Todd McCarthy: The Screens Are Empty In Telluride

Telluride Film Festival
Pamela Gentile/Telluride

It’s time to start packing, to call around to find out what might be playing, to pull out the sweaters and a warm jacket for the first time in months and, above all, to look forward to a guaranteed long weekend of films that will all be worth seeing and that will provide a strong indication of what kind of serious movie year this will be.

Unfortunately, everyone knows the depressing answer to that question. And now, for some of us, is when the miserable truth of the matter is staring us straight in the face: the movie screens in Telluride will be empty over this Labor Day weekend for the first time in 46 years. There will be no hour-plus ride from the Montrose Airport to the host town of just 2,325 year-round residents, no dash to grab the schedule where the titles to be shown will be revealed for the first time, no agonizing scrutiny of the schedule that reminds you, once again, that there’s no way you’re going to be able to see everything you want to see, even if you luck out with some timely “to be announced” add-ons.

Telluride and I go way back, to its third year, 1976. The night before we arrived, on the Thursday before Labor Day, my girlfriend and I stayed at the one-of-a-kind Drive-In Movie Manor, on Colorado Route 160 between Alamosa and Del Norte, where they showed (and still show) movies on a big drive-in screen you can watch from your large motel room window.

Telluride itself hadn’t hit the big-time then; you could have bought one of the town’s many Victorian-era homes for a song; typical homes were going for $100,000-$140,000 in the mid-1970s, and a 3,800-square-foot “mansion” I’m familiar with sold for $246,000 in 1979. Who knew? Serious skiers were familiar with the place — the resort opened in 1972 — but it hadn’t yet become a trendy destination
per se.

Telluride Film Festival
The town of Telluride in 2001 AP Photo/Ed Andrieski/File

Then there were the venues, all of them tiny: The jewel-box Sheridan Opera House, or course, then the aptly named Nugget (still in use), the long-since demolished Community Center and Elks Park, then as now the site of outdoor evening screenings. And it was a year the festival was honoring two kings — the original King Kong as well as the veteran director King Vidor, along with a veritable king of animation, Chuck Jones, who would one day have a Telluride venue named after him. I also remember seeing, of all things, a new Disney film, Freaky Friday, with its 12-year-old star Jodie Foster (Taxi Driver had been released in March). Afterwards we hit a local bar where Martin Scorsese and some members of The Band were sitting around a table.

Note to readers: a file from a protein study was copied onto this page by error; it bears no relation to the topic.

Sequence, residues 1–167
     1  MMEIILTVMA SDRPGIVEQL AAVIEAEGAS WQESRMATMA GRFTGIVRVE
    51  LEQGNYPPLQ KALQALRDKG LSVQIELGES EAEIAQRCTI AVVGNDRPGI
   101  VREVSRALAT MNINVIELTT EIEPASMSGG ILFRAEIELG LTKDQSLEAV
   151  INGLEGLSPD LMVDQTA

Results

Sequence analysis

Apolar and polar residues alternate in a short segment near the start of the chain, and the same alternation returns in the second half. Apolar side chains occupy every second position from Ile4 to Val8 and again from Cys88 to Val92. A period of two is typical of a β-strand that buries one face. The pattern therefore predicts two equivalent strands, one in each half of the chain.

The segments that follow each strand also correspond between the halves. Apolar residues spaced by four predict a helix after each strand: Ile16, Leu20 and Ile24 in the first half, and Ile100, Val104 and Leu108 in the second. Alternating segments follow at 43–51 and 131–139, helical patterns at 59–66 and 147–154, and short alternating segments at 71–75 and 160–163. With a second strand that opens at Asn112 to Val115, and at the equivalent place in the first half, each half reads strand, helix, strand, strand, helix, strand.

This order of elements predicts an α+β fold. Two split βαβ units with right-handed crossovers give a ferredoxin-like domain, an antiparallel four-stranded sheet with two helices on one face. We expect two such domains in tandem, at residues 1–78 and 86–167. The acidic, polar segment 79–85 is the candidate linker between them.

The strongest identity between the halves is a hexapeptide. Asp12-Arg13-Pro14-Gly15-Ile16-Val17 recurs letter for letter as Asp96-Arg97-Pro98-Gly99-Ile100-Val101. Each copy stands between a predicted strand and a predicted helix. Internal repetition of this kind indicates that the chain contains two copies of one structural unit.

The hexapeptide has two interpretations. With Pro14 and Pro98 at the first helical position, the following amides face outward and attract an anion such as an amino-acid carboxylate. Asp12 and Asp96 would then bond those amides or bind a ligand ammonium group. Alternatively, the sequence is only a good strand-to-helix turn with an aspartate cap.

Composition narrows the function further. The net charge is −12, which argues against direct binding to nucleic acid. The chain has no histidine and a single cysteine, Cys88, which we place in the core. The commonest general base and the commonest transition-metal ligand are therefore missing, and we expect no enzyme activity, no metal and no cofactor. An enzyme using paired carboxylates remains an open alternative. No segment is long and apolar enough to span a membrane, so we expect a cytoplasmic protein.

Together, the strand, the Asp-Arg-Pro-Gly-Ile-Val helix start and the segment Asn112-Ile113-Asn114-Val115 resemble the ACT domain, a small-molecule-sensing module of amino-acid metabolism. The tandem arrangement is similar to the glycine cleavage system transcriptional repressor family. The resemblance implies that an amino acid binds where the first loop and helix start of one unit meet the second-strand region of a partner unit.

Given its fabulous location and the great expertise and dedication of festival directors Tom Luddy and Bill and Stella Pence (along with James Card early on), Telluride quickly became a go-to destination for serious cinephiles, who have been rewarded with nearly a half-century of extraordinary programming. I missed a number of festivals during the 1980s, as my editors at Variety short-sightedly refused to send me since Telluride never revealed the names of their films in advance and therefore couldn’t be sure it would be worth the cost. But I’ve been to every edition for last three decades and have seen the festival morph from specialized status to an event that officially kicks off the Oscar season.

For many years nothing could have been further from the minds of the festival’s creators than the Academy Awards; it would have been seen as vulgar to connect the two events, not remotely anything that was on the minds of anyone connected to Telluride, the headquarters of which were in Berkeley and, courtesy of the Pences, New Hampshire.

The Crying Game
The Crying Game Courtesy image

An early sign of changes to come appeared in 1992. Neil Jordan’s The Crying Game debuted simultaneously at the Telluride and Venice film festivals. I saw it on the final day of Telluride and gave it a flat-out rave in Variety, which, combined with the highly enthusiastic audience response reportedly gave Miramax increased faith in the film. In all events, the festival gave the film a big bounce and this may have been the first time the industry became aware of Telluride as anything other than a film buff event.